We covered the verdict two years ago, noting an editorial that said “Pundits have argued that real tort reform will only come when the lawyers start suing the other lawyers…. that time has arrived.” But the Mississippi Supreme Court held that the lawyers had not committed malpractice as a matter of law.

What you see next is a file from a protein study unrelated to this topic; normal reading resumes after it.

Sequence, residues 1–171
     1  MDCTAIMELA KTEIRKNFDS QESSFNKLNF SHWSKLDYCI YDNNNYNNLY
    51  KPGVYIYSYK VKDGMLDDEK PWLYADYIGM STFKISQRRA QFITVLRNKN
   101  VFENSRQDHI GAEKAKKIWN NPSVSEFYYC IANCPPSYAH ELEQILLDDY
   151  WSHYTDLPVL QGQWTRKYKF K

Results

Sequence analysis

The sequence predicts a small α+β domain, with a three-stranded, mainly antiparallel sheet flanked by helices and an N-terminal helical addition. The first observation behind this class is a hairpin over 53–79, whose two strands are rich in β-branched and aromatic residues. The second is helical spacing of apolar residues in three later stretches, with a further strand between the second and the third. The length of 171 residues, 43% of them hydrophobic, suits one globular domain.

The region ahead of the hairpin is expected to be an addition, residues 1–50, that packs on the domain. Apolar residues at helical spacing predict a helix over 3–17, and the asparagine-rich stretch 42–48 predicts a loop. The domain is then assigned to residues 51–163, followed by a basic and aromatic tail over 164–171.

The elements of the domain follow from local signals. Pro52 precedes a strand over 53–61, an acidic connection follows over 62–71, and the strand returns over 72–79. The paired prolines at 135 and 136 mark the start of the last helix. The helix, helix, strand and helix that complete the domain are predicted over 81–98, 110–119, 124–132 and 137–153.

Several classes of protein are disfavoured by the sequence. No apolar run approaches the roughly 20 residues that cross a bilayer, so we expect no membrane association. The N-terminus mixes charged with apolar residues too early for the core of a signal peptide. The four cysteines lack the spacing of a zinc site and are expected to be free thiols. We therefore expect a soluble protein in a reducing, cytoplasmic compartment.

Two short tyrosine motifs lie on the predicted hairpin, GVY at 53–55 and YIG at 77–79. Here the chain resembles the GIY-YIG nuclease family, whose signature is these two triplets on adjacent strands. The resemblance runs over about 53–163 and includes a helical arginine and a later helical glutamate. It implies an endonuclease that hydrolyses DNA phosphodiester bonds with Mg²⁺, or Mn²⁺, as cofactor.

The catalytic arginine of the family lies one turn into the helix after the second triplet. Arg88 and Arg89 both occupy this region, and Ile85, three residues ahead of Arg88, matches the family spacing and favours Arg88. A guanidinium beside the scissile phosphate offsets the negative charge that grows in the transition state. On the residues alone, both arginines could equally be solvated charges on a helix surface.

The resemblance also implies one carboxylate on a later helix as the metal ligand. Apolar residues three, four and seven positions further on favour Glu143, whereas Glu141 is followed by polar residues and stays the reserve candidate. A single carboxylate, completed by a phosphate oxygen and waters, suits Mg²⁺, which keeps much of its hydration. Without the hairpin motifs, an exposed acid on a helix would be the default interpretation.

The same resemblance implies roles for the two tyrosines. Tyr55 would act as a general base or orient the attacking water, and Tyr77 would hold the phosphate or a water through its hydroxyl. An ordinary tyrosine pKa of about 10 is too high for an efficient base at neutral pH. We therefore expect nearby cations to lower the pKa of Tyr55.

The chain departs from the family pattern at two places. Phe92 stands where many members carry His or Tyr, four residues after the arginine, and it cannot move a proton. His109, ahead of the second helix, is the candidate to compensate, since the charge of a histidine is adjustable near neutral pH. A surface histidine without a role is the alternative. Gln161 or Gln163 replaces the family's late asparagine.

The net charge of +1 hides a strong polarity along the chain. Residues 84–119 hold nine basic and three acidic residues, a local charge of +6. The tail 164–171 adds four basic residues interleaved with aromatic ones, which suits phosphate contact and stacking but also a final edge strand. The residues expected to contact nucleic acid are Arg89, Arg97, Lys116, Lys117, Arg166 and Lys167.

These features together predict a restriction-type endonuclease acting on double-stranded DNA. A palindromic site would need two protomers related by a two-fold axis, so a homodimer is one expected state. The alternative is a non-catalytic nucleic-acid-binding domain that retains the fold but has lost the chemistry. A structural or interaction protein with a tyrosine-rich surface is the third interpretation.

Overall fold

Perhaps correct, and I shed no tear for the plaintiff’s loss of a windfall. But it sure would be nice if doctors got the same benefit of the doubt. Instead, when medical experts differ over whether a doctor acted reasonably, courts throw up their hands and decide it’s okay for a jury to decide. Lawyers seem not to have to worry about being held to that sort of second-guessing standard. (Baker Donelson Bearman & Caldwell, P.C. v. Muirhead, 2006 WL 177593 (Miss. January 26, 2006).) David Rossmiller discusses the case, but dodges all of the substantive issues.